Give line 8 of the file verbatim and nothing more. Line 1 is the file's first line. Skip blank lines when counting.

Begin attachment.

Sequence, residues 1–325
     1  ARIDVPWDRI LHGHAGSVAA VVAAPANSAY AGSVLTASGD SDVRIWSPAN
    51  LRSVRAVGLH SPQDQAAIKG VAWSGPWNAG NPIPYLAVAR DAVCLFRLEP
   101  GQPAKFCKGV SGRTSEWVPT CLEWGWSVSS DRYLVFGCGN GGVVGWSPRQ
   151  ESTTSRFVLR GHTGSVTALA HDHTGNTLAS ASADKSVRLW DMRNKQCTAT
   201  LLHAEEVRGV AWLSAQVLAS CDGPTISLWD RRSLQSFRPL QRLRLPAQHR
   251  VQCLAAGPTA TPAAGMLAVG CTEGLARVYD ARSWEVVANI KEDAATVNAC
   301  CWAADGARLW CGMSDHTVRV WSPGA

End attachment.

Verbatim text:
   301  CWAADGARLW CGMSDHTVRV WSPGA